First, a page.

Step 2 is to build your case. People in Sales, Marketing, or any department that can be considered a profit-center will have an easier time doing this than those who are cost-centers. A profit center is anyone in a role that helps to bring new money into the firm. They’re judged by an employer purely in terms of return on investment. If you’re a profit center, your returns should be the main focus of your pitch. This gets trickier for employees who develop product, provide support, or even worse, and are on the operations side of things. I’ve molded my career by staying as close to the money, but it’s not impossible to ask for a raise as a cost center if the circumstances are right. People who work in financial risk management and compliance in this post Dodd-Frank world are in demand, for example. When recruiters start calling you, it’s time to build a case that you need to be “brought to a level consistent with the rest of the market.”

NEVER threaten to go find another job. That threat is already is implicit in the compensation discussion to start out with, but bringing it out into the open can make an employer turn openly hostile in a hurry. You also need to be careful to never compare yourself to what coworkers are making. Everyone likes to think that they run a meritocracy, so bringing that up might quickly expose you to the risk of being told that “you’d be paid like your coworkers if you performed like them.” Lastly, don’t pad your requests. Asking for a $15,000 raise hoping to get $10,000 will often make the employer balk at your request. I’ve said things in the past like “I’m not asking for $10k hoping to get $8K, I’m asking for $10k because $10k is what I need to be happy here.”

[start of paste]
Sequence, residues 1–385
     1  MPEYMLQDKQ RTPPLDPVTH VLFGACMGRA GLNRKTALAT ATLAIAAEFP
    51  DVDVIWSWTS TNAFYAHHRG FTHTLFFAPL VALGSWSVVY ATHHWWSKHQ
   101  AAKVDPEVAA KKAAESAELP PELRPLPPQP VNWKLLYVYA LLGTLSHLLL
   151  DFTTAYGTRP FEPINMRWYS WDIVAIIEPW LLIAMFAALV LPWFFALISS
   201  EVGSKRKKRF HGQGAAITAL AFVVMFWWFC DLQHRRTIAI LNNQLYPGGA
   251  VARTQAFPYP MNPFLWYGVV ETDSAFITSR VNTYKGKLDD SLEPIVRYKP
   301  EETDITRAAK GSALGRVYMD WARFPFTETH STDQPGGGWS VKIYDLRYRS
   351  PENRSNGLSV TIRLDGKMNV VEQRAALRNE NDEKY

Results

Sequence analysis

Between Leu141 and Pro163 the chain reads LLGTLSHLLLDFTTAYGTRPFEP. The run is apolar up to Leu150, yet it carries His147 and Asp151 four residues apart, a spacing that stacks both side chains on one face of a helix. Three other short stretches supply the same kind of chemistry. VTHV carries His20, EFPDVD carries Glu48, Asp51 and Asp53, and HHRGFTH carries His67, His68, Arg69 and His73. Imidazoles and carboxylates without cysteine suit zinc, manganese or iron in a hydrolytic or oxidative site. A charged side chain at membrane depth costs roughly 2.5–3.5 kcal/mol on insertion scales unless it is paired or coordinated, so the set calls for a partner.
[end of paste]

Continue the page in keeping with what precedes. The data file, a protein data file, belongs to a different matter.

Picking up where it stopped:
Now that we’ve covered what to do as an Employee, I’m going to give you a sneak peek of some of the things that go on in my head as an employer. First I would like to explain how things go in my company. I like to take a proactive approach and have compensation discussions with my employees at the end of every calendar year. I do this because losing a key employee (or even having him job hunting) because he doesn’t have the stones to approach me with a raise proposal is often more disruptive than having to pony up once a year. So with that said, I do my best to answer a few key questions whenever a compensation discussion with an employee takes place. Namely:
How much do I like this employee? For employees who are a lot to manage, upset corporate culture, or are otherwise difficult to deal with, I view this raise conversation as an opportunity to drive out someone that might have been problematic to begin with. This might be the opportunity to let them talk themselves into quitting and saving me the expense of firing them.
What is my total cost to replace this employee? I break this down by answering 3 more questions:
How long will it take me to find a replacement for them? Downtime is expensive.